For me writing is a lot like exercise. If it hurts, that means it's working, and in the end it always produces positive results.
This analogy is bolstered by the fact that when I’m successfully sticking to my workout regimen, I concurrently do a better job of consistently writing as well. It’s as if the discipline and dedication required for fitness unconsciously bleeds into the creative realm of my life. Or maybe staying in good physical shape also helps my mind become fit, and provides me with focus when I sit down to write.
Does anyone else think there’s a correlation between personal fitness and creative endeavors?
Occasioned by February being Black History Month, but worth reading at any time: Kevin Young on Langston Hughes’s The Weary Blues.
Langston Hughes became one of my favorite poets when I first got serious about writing. After reading Kevin Young’s splendid essay about the context in which The Weary Blues was published (as well as background on the jazz aesthetic and blues form), I want to revisit some of Hughes work, both for muse and pleasure. Add that to my reading list.
“404 – Page Not Found”
“This page can’t be displayed”
While clicking some links on my oft-neglected Published Works and Links pages, the above messages were frequently encountered. I was saddened to discover my modest writing career has outlived several awesome journals, both online and print, and some contests that I once participated in.
I had many dead links, which isn’t effective in increasing the visibility of my writing. Therefore, I took some time to clean up the mess on these two pages and add some new links that connect to my recent work. Not a lot of glamor in that task, but it was necessary labor.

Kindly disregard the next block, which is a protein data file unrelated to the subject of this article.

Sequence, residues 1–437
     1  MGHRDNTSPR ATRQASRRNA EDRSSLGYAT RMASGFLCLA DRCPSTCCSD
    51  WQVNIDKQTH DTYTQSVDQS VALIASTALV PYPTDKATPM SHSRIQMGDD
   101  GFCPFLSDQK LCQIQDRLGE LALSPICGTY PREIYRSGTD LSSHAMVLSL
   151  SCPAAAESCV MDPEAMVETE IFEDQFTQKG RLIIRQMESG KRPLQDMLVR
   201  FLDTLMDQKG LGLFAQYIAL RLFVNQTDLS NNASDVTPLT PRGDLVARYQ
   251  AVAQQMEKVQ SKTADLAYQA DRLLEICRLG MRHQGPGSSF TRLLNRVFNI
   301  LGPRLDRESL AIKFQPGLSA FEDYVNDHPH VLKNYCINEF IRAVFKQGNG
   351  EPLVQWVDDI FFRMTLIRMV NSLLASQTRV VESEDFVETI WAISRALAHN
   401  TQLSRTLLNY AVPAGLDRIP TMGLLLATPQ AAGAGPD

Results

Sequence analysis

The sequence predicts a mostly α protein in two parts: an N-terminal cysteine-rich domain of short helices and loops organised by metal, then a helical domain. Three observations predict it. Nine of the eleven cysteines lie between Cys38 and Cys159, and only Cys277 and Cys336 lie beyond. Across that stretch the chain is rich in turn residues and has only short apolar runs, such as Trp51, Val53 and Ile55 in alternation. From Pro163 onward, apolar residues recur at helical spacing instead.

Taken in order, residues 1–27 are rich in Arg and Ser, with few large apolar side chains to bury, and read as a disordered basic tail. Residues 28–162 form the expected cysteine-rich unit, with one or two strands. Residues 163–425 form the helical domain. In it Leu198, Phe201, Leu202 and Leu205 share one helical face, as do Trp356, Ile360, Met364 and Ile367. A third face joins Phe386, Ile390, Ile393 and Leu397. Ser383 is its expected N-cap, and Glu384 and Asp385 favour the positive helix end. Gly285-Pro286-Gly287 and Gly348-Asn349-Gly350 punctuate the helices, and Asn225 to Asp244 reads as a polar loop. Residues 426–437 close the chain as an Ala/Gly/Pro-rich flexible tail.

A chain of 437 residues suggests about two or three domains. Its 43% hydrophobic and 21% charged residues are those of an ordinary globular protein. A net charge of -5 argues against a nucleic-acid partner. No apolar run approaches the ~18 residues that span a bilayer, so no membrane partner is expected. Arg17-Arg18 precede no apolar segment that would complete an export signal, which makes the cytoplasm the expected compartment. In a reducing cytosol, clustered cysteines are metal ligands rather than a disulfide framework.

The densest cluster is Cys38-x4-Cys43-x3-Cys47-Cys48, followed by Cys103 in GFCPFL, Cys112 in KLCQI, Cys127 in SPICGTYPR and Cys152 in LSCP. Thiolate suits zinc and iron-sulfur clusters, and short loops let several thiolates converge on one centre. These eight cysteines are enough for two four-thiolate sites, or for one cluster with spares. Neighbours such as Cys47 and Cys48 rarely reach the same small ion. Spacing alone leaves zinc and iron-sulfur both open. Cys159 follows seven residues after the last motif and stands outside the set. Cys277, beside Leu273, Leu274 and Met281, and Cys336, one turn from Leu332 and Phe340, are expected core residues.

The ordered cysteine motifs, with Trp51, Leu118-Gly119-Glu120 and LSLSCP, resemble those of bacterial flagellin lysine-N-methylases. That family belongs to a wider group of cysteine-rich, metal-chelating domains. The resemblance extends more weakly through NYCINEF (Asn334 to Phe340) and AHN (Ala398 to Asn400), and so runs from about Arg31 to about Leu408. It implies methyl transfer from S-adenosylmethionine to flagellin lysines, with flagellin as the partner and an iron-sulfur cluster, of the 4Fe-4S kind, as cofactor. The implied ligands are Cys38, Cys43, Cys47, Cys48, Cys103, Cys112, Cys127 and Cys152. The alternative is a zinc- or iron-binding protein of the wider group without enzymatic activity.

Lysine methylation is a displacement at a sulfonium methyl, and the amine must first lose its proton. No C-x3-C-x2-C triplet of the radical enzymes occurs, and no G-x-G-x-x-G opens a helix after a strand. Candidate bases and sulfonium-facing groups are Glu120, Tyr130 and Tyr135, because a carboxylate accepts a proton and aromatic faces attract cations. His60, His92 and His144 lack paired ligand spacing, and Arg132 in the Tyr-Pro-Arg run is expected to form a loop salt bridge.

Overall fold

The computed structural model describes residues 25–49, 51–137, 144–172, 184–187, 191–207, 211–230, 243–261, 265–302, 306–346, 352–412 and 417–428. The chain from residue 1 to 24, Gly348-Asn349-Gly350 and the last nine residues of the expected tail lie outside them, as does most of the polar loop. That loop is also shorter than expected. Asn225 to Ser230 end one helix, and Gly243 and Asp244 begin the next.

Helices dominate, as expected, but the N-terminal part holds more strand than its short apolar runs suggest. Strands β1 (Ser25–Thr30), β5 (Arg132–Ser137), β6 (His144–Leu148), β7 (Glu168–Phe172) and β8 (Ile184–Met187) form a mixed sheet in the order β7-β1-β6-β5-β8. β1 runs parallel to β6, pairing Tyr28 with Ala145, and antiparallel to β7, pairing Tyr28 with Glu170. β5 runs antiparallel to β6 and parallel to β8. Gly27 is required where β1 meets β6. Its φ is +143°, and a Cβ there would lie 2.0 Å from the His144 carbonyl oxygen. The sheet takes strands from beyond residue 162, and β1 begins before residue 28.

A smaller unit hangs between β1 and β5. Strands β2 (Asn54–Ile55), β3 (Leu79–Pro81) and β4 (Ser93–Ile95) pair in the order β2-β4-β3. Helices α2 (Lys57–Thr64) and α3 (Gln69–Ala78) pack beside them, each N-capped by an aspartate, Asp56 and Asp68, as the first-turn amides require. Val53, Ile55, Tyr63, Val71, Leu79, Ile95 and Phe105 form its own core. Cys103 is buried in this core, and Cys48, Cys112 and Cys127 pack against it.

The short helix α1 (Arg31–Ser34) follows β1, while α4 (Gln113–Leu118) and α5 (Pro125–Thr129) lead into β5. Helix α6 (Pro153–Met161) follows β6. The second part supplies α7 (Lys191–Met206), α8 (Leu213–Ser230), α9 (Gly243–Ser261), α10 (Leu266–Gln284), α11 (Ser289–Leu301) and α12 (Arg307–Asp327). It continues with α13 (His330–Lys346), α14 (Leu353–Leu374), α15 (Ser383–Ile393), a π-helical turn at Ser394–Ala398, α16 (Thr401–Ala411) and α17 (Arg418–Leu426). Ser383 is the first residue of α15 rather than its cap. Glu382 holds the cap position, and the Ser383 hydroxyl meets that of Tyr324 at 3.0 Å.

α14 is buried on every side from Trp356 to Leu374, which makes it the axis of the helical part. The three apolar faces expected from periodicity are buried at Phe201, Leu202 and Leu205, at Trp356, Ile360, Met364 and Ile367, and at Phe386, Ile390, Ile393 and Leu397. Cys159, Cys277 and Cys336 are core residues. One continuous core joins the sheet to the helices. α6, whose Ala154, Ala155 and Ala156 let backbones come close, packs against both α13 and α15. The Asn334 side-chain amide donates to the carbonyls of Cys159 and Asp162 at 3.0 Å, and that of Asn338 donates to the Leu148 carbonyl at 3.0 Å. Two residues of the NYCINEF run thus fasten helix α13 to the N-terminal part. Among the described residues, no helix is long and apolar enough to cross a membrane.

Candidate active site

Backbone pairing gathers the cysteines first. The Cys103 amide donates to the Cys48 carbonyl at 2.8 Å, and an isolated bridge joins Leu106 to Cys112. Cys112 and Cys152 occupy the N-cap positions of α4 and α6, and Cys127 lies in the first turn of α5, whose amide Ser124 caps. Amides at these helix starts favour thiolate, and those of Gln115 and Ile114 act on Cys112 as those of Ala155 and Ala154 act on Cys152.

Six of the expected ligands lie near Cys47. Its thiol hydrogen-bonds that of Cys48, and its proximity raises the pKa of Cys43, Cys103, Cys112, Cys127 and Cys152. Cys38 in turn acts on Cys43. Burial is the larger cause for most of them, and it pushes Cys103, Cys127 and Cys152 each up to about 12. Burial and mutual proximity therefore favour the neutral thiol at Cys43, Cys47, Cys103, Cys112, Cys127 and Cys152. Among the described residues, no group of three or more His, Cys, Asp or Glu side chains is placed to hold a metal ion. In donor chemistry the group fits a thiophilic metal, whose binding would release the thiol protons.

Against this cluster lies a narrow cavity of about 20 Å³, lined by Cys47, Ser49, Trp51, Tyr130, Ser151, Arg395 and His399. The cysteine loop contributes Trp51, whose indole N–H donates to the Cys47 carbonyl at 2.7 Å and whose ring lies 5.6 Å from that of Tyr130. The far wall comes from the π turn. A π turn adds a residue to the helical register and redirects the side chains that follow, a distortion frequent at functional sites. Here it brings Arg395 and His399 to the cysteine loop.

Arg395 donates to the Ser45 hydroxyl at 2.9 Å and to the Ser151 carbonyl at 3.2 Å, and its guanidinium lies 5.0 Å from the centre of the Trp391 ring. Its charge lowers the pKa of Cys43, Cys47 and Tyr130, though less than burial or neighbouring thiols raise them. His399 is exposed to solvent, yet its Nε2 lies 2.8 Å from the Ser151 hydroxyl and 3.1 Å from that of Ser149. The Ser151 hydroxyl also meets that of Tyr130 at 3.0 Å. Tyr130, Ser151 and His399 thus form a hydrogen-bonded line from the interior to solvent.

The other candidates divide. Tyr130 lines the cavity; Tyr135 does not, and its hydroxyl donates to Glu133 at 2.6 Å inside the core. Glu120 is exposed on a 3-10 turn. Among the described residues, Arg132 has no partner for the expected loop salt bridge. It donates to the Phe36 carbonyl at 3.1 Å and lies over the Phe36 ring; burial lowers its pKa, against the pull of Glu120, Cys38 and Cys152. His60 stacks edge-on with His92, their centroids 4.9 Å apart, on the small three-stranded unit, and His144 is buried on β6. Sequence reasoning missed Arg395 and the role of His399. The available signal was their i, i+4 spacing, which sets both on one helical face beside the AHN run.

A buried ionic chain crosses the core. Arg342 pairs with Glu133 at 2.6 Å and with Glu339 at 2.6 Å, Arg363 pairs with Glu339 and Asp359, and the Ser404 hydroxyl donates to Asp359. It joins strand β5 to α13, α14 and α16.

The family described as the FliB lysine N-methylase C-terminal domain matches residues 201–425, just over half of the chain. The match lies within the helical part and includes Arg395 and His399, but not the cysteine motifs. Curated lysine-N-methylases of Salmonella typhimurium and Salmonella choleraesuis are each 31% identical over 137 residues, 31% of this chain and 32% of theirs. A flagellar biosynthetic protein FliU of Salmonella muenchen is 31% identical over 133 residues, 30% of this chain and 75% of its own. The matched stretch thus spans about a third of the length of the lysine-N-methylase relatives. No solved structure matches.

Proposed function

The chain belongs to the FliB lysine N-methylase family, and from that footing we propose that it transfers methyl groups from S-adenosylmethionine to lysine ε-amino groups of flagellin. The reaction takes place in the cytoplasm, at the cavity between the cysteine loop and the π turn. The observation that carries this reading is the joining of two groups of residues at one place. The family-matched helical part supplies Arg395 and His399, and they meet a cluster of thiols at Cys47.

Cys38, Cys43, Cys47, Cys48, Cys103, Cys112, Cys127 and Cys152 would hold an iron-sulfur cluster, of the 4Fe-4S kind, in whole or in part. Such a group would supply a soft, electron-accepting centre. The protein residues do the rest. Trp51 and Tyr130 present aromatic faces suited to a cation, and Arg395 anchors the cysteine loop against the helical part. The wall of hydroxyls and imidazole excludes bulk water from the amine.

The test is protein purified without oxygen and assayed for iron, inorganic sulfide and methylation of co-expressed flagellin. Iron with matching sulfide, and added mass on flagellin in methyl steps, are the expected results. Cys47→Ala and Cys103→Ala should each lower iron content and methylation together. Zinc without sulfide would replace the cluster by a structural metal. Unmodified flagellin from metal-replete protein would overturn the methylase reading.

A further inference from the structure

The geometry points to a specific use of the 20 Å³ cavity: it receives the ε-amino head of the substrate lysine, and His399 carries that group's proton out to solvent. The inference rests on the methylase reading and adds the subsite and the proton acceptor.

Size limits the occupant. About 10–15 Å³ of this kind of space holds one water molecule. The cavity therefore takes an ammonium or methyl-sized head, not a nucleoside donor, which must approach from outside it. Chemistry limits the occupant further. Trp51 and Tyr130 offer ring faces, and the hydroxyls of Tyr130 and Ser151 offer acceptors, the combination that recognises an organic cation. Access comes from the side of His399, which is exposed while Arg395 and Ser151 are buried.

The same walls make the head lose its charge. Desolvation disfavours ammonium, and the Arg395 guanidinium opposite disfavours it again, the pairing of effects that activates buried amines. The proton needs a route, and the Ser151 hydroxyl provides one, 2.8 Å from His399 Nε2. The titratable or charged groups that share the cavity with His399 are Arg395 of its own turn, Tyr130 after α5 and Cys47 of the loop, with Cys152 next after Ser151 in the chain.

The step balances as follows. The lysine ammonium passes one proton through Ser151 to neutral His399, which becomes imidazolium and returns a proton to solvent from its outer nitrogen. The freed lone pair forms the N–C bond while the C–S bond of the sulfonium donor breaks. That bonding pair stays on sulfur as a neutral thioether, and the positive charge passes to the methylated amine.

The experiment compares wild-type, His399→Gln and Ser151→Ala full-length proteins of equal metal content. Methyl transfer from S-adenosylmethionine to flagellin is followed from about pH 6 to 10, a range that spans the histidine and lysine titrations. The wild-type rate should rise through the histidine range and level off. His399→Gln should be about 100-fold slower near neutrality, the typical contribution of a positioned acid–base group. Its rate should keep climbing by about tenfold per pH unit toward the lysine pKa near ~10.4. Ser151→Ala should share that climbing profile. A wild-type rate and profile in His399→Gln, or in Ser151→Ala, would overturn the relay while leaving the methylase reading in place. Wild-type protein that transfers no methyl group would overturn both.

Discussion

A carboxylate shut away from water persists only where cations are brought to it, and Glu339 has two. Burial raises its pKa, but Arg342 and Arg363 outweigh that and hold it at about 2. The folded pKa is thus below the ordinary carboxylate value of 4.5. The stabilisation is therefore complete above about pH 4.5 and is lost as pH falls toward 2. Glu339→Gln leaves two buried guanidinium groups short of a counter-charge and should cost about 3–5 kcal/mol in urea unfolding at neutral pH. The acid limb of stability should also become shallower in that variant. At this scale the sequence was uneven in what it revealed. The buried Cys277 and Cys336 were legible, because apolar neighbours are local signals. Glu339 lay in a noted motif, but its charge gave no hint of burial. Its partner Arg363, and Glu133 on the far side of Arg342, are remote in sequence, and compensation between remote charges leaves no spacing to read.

Happy Corporate Sponsored Synthetic Romance for Profit Day. Believe me…I'm not anti-love, but I am against the systematic pimping of love to spike revenues for no truly logical reason during mid-February.
On this Valentine’s Day, here are some keen observations on how we write about love, from Daniel Jones, who edits the “Modern Love” column for The New York Times. Enjoy.
"Talent is a wonderful thing, but it won't carry a quitter." - Stephen King, from Duma Key
I’m not one to normally quote Stephen King, but he’s spot on with this statement – both in writing and everyday life.
Think about how many people you’ve known with immense talent or a knack for success. Then think about how many of those folks sustained that success. Proves one thing – there’s just no substitute for hard work.
…here are some insightful action items listed for you in Sara Eckel's well-written post (link below). Read, bookmark, internalize, then make them happen.
I present to other aspiring fiction authors this revealing article from Nina Badzin: “Your Cover Letter Does Not Matter, and Other Insights from a Contest Judge.”
Read it with an open mind and you’ll get something out of this piece. The keen thoughts Ms. Badzin has on carefully using the f-bomb in flash fiction is well worth the read.
Volume 3, Issue 2 features work from Julie Brooks Barbour, Jackson Burgess, Adriana Cloud, Rebecca Connors, Thomas Cook, Tim Craven, Sage Curtis, Nandini Dhar, Katherine Frain, Natalie Giarratano, Charles Harper Webb, Lydia Havens, Matthew Huff, Cindy Hunter Morgan, Lillian Kwok, Diane Lockward, Adam Love, Greg Mahrer, Bill Neumire, Angelina Oberdan, Simon Perchik, Amy Plettner, Adrian Potter, Richard Prins, Kim Roberts, Todd Robinson, Steven D. Schroeder, Leah Sewell, Molly Sutton Kiefer, and William Trowbridge.
I’m blessed to have two prose poems in this issue, both pieces from The Alter Ego Handbook chapbook manuscript that I’ve been tinkering with incessantly. This is my third time appearing in burntdistrict and I appreciate the support and exposure this publication has provided. I’m only partway through reading this issue, but so far it has been an enjoyable read.